Frank Oz Blasts Disney's Ownership of "The Muppets"

 

Frank Oz is not happy and he seems to think Disney is part of the problem! In a recent interview with The Guardian (via Uproxx), Oz sought to clear up some assumptions in relation to his lack of participation with the Muppets since 2007. In fact, until now, many assumed he official retired from voicing characters in the franchise. But, as it turns out, that's not at all the case. The real reason is Disney has never contacted him to return:

"I'd love to do the Muppets again but Disney doesn't want me, and Sesame Street hasn't asked me for 10 years. They don't want me because I won't follow orders and I won't do the kind of Muppets they believe in."

Oz didn't stop there though, going as far as to criticize Disney's iterations of the characters, saying "The soul's not there. The soul is what makes things grow and be funny. But I miss them and love them". Oz chalks this up to the "demarcation line between the Jim Henson Muppets and the Disney Muppets" which he elaborated on further:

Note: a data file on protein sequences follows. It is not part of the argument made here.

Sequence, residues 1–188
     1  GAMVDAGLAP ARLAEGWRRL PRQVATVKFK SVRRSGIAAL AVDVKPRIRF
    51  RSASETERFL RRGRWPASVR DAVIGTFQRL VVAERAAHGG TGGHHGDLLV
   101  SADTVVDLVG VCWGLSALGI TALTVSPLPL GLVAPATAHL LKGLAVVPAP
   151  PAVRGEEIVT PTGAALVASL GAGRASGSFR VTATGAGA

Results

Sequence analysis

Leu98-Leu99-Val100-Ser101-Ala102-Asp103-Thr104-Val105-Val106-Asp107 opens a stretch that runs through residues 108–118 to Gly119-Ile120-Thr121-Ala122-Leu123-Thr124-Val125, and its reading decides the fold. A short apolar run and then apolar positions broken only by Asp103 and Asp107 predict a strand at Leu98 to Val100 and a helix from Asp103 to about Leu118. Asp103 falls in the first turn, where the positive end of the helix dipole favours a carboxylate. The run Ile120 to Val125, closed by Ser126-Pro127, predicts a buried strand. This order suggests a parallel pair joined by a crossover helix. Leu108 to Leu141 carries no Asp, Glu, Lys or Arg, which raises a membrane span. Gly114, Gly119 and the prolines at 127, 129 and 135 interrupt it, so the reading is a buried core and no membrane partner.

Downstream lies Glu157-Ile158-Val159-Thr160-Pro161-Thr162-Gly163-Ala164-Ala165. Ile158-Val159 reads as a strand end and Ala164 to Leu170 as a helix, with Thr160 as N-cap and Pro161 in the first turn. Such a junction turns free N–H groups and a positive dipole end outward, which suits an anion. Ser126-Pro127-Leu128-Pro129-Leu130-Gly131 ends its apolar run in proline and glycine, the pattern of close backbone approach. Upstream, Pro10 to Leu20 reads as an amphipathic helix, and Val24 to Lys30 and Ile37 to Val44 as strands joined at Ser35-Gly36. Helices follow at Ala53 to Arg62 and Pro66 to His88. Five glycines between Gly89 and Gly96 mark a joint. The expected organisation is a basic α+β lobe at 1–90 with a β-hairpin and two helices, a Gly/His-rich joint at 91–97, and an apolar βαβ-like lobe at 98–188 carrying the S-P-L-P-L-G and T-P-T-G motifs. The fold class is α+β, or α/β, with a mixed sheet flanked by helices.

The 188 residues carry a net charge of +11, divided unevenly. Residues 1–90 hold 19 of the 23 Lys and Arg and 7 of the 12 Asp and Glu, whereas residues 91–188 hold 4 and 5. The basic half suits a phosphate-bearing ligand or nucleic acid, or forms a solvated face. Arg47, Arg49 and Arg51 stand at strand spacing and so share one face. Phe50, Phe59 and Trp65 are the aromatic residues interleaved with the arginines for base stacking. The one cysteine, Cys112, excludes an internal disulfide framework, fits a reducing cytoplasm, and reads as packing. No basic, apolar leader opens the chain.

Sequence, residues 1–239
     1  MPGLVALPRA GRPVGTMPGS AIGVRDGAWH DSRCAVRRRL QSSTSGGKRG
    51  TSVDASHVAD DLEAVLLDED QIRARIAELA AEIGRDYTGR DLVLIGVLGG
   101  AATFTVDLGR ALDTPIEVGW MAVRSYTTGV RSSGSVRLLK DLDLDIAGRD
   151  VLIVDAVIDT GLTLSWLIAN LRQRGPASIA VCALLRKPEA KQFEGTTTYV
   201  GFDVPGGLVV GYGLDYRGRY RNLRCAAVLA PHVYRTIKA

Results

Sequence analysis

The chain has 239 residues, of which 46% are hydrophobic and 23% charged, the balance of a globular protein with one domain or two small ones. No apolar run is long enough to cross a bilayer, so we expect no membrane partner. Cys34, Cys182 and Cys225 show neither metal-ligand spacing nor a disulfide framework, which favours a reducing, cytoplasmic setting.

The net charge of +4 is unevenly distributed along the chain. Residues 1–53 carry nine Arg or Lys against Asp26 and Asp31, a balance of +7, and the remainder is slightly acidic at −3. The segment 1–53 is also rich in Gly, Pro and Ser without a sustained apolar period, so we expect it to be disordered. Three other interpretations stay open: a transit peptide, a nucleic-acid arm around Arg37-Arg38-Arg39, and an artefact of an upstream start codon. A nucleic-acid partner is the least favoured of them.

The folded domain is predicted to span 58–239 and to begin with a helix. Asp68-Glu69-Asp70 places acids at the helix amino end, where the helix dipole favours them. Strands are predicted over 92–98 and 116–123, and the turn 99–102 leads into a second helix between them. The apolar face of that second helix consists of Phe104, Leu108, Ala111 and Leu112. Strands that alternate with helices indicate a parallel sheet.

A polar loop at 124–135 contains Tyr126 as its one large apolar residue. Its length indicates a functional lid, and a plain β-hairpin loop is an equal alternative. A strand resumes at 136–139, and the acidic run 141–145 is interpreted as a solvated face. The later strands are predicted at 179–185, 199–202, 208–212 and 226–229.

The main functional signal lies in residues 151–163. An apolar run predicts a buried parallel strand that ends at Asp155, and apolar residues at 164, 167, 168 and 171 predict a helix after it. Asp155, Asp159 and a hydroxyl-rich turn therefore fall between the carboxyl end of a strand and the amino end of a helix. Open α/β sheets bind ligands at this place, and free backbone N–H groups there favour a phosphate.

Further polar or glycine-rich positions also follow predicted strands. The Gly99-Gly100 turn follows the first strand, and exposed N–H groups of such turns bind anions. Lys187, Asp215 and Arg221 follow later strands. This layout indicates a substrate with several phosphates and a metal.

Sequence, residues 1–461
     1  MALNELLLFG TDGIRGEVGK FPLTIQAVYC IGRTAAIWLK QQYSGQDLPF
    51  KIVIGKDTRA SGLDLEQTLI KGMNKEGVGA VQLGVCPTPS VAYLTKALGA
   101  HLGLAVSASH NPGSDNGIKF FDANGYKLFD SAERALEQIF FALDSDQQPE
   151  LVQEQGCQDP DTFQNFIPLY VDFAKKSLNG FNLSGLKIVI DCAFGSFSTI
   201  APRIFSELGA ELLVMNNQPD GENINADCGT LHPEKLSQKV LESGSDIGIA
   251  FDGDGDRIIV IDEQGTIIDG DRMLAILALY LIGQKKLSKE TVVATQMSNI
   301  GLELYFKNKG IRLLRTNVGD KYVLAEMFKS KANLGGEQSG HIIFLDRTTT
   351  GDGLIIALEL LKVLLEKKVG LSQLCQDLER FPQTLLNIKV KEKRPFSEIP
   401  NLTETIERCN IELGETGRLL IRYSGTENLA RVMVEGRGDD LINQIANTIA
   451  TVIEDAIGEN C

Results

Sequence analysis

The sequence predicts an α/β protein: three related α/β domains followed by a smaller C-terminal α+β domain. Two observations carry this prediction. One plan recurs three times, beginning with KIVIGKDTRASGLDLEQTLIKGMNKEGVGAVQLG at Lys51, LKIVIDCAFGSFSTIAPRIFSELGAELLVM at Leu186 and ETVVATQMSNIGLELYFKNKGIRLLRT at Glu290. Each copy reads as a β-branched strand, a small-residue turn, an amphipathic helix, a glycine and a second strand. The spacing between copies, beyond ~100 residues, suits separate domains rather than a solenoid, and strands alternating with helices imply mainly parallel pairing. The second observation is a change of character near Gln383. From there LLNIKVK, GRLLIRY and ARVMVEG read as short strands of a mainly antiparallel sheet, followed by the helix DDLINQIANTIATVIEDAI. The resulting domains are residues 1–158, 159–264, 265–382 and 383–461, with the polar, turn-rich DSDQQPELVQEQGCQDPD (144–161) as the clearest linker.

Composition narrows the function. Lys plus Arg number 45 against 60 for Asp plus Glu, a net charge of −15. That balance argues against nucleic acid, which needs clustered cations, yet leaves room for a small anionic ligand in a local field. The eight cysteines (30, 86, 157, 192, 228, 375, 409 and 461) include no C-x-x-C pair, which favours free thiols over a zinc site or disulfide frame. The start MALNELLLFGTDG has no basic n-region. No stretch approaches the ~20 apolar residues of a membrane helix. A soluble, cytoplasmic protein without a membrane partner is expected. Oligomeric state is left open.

"There's an inability for corporate America to understand the value of something they bought. They never understood, with us, it's not just about the puppets, it's about the performers who love each other and have worked together for many years."

Oz went on to speak ill of the massive corporation, even going as far as to blame them for the dead of Jim Henson, who died at the age of 53 due to streptococcal toxic shock syndrome:

"The Disney deal is probably what killed Jim. It made him sick. [Then-head of Disney, Michael] Eisner was trying to get Sesame Street, too, which Jim wouldn't allow. But Jim was not a dealer, he was an artist, and it was destroying him, it really was."

In other words, Oz's lack of involvement is not voluntary and it seems Oz takes this as a reflection of a lack of understanding by Disney in relation to the characters. Characters that actually helped ignite Oz's now-lifelong legacy as his career started as a puppeteer, bringing to life the Muppet characters of Miss Piggy, Fozzie Bear, Animal, and Sam Eagle in The Muppet Show as well as Cookie Monster, Bert, and Grover in Sesame Street. Those characters' creations are as much his as they are Jim Henson's. So...it's easy to see why he's taking Disney's treatment of them personally.

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